View Full Version : Steyr info

12-25-2010, 1:27 PM
Hi all,

I jus picked up a matching numbered, no import marked Steyer 95 carbine. I am looking for info on it. The seral # is K7XX--

Does anyone have any idea on what the production date would be and does this take 8x56r Enbloc ammo since the tag on it when I picked it up, just said (8mm rimmed).


Palimino Stripe
12-25-2010, 2:36 PM
Date should be on top of the chamber- You should see "Wn-[eagle] ##" (Or "Bp-[Shield] ##")...Those last two numbers represent the year. Eg; 17 = 1917.

If there is a large "S" stamped on the chamber that means it's 8X56R. If not- chances are it is in its original 8X50R (without an import mark it just might be!). In either case- yes- you will need the 'special' Steyr clips.

Sounds nice. Congrats!

Post some pics! :D

12-25-2010, 3:12 PM
Thanks for the info-- it is WN-(eagle) 15. So 1915 and no "s" - so I guess it will
be 8x50r. I'm excited!! Picked it up in addition to a 1960 Chinese Type-53 without import marks.


12-25-2010, 3:58 PM
Nice, I wanted one of the ones SOG had for like $85 but they are sold out now I have the M95 fever LOL

12-25-2010, 10:01 PM
Don't just assume that it's 8x50r just because it doesn't have the "S", or on some cases "H" stamp. Some (very few) of the 8x56r conversions missed being stamped. A 8x50r round will chamber (but not safe to shoot) in an 8x56 barrel but not vice versa.
If you are planning on shooting it, Hornaday and Privi make 8x56r ammo, plus there is still some surplus floating around. No one is making 8x50r ammo for the Steyr, surplus is very hard to find, and if you don't reload, you will have to find someone to load rounds for you.

Palimino Stripe
12-25-2010, 11:17 PM
Trickster has a point- never assume; SOME missed the "S" (or "H" <--- Same meaning) stamp... but very very VERY few did...

Try chambering an 8X56R round- and if it doesn't fit- you will have your answer (it's 8X50)....

If it is an 8X50R- that's good news & bad news. The bad news is a severe lack of ammo... The good news is that it is tremendously rarer than your garden varity 8X56R.

Once again- if you get the chance post some pics ;)


12-26-2010, 9:47 AM


12-26-2010, 11:03 AM
Here are some pics--

So what I have so far is that it is a 1915 model Steyer m95 carbine. No import marks. Still unknown whether it is 8x50r or 8x56r. I have some 8x56r ammo coming, so I will see if it chambers or not.

Palimino Stripe
12-26-2010, 11:41 AM
Well I'll be darned! You have a very unusual/uncommon M95:

The rear sight length & banded front sight indicate that it was a long rifle. Then at some point it was cut down to carbine length- but never converted to 8X56R.

That's crazy- what are the odds??? ---> I just asked (on gunboards) if such a rifle existed not too long ago. (The 'experts' all said yes they do exist of course) and here is my proof ;)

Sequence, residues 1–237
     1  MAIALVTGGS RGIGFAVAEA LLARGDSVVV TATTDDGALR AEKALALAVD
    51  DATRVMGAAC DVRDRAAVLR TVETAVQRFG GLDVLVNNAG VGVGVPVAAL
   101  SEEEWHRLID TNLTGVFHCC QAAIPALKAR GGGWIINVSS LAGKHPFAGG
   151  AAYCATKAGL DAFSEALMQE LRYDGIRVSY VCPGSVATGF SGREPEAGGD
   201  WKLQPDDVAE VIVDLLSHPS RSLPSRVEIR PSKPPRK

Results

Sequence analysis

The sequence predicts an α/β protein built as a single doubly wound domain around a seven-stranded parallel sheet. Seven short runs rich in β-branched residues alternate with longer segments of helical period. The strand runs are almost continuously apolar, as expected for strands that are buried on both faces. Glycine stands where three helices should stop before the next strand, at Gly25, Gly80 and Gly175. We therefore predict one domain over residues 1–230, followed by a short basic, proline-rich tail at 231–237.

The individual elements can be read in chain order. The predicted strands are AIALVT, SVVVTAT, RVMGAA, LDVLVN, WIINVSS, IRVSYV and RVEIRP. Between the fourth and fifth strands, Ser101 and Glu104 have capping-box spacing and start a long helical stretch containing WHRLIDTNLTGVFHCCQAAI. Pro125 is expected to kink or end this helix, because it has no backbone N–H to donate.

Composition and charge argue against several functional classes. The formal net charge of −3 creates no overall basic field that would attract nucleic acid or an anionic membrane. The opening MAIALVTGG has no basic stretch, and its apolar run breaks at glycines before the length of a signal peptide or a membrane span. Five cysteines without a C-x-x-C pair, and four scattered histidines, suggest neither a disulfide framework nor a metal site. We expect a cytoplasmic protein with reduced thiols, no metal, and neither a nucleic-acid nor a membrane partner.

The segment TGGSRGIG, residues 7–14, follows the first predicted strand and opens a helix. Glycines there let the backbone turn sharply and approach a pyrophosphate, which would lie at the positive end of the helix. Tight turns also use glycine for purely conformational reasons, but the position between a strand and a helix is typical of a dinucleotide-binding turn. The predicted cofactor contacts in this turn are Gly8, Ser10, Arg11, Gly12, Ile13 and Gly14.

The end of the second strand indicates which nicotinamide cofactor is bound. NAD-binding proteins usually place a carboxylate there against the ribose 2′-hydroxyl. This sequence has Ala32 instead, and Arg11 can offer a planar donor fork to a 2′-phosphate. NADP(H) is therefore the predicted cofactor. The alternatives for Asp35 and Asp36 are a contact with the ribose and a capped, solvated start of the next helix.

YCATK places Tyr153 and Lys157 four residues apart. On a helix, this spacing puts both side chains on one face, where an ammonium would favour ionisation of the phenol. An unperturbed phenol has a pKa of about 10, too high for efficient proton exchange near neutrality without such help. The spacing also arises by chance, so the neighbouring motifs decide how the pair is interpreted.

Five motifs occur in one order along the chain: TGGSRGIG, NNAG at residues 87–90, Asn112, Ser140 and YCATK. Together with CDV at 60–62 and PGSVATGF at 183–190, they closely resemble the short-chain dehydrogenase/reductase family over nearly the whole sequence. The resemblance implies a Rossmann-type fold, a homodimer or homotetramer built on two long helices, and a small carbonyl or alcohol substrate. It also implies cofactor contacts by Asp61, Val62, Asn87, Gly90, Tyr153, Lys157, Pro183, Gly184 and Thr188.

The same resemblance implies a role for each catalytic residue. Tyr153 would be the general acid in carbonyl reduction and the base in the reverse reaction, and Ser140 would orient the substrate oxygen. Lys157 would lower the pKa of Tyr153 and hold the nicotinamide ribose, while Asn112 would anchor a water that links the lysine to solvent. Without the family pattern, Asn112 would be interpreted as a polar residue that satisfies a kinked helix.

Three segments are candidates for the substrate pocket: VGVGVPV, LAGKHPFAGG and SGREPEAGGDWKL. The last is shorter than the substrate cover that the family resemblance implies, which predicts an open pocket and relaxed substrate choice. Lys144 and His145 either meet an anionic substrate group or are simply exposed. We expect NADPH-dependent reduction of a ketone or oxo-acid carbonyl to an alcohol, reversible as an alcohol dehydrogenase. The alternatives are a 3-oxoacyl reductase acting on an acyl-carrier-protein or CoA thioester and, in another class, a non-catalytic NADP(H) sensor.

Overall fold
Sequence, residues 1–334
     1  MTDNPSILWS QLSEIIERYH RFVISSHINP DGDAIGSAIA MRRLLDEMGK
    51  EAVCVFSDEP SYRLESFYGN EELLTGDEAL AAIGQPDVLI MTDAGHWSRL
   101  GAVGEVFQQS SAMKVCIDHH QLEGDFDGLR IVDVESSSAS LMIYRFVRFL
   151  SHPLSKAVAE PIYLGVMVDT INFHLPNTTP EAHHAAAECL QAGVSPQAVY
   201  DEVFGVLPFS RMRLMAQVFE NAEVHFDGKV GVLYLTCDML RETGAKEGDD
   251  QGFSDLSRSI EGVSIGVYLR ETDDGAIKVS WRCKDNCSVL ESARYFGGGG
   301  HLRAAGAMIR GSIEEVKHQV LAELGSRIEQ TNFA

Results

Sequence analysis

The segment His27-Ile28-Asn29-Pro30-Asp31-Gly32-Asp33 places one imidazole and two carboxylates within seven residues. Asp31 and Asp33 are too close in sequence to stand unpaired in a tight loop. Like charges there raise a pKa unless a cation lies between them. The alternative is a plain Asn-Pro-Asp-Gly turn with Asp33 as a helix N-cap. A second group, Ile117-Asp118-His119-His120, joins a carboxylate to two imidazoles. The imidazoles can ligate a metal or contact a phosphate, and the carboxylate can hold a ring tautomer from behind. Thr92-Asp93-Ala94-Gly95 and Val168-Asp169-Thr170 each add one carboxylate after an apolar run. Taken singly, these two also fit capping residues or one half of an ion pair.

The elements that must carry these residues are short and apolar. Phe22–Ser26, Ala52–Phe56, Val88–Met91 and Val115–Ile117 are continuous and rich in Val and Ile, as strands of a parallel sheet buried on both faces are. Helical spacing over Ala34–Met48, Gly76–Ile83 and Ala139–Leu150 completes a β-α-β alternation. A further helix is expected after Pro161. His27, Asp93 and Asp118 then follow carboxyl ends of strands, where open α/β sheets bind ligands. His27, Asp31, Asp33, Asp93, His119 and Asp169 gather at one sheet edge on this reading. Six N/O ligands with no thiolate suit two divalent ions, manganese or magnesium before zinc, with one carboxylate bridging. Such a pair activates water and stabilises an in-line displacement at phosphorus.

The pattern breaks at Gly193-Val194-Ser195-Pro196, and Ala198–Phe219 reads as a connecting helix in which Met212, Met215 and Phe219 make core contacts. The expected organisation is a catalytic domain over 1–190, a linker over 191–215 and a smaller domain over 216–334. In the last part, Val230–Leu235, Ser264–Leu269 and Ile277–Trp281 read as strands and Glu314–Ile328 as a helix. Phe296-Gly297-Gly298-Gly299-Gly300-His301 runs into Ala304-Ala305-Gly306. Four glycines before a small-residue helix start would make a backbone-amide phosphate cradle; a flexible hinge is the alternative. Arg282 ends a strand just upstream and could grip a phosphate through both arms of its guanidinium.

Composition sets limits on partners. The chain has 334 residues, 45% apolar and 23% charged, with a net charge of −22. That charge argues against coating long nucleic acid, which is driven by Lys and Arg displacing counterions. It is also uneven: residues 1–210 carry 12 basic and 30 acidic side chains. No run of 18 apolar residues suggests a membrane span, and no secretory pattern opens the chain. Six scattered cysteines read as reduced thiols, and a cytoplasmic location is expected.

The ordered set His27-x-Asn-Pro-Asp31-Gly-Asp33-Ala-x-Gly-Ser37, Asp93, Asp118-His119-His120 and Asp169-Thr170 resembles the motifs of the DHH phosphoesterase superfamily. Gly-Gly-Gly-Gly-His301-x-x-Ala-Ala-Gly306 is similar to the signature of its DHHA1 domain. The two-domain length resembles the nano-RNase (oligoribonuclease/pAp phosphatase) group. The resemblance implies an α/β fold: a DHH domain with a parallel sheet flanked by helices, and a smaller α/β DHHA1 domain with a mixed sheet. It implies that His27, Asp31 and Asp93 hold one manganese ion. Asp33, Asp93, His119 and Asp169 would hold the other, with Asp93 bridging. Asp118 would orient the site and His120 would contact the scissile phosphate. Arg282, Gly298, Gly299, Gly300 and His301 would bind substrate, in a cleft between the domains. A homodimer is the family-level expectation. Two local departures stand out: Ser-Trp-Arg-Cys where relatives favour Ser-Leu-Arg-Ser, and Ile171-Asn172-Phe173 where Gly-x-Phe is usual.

Very few Long rifles were cut down (in Austria) prior to the 1930's (when most of them were cut down & rechambered at the same time)...

However- apperently Italy & Poland cut down a few though. And they never 'adopted' the 8X56R cartridge so that would explain why it wasn't rechambered... SO chances are- It was imported from one of those countries prior to 1968 (which would explain the lack of import mark)

Once again- congrats!

If you EVER want to get rid of it- let me know :chris: :D ;)


12-26-2010, 1:53 PM
Holy cow! That is so cool. That makes this find extra special. Thank you for all the info.


12-26-2010, 2:22 PM
8X50R ammo can be found on the auction sites (there's some on gunbroker right now), both military and old commercial ammo (seems someone made it as a specialty ammo back in the day). If you're lucky you can snag it up for about $1 a round from what I've seen looking at items sold but typically it is much higher. I've heard Old Western Scrounger sometimes makes ammo in that caliber but I don't know for sure. Seems to me to be a caliber worth reloading with Berdan primers if that is the kind of brass or ammo you have. A good thing is that it uses the more common .323 bullets although

I've heard it is hard to find bullets that replicate the smokeless powder military load (I believe the semi-smokeless and compressed blackpowder loads used lead bullets, which can be cast) as they are pretty hefty at 244 grains (personally I'd love to find similar bullets in .329 for my Steyr, either a heavy jacket solid or a good softpoint, for hunting or defense against dangerous animals, as the Steyr makes a nice hiking and backpacking gun).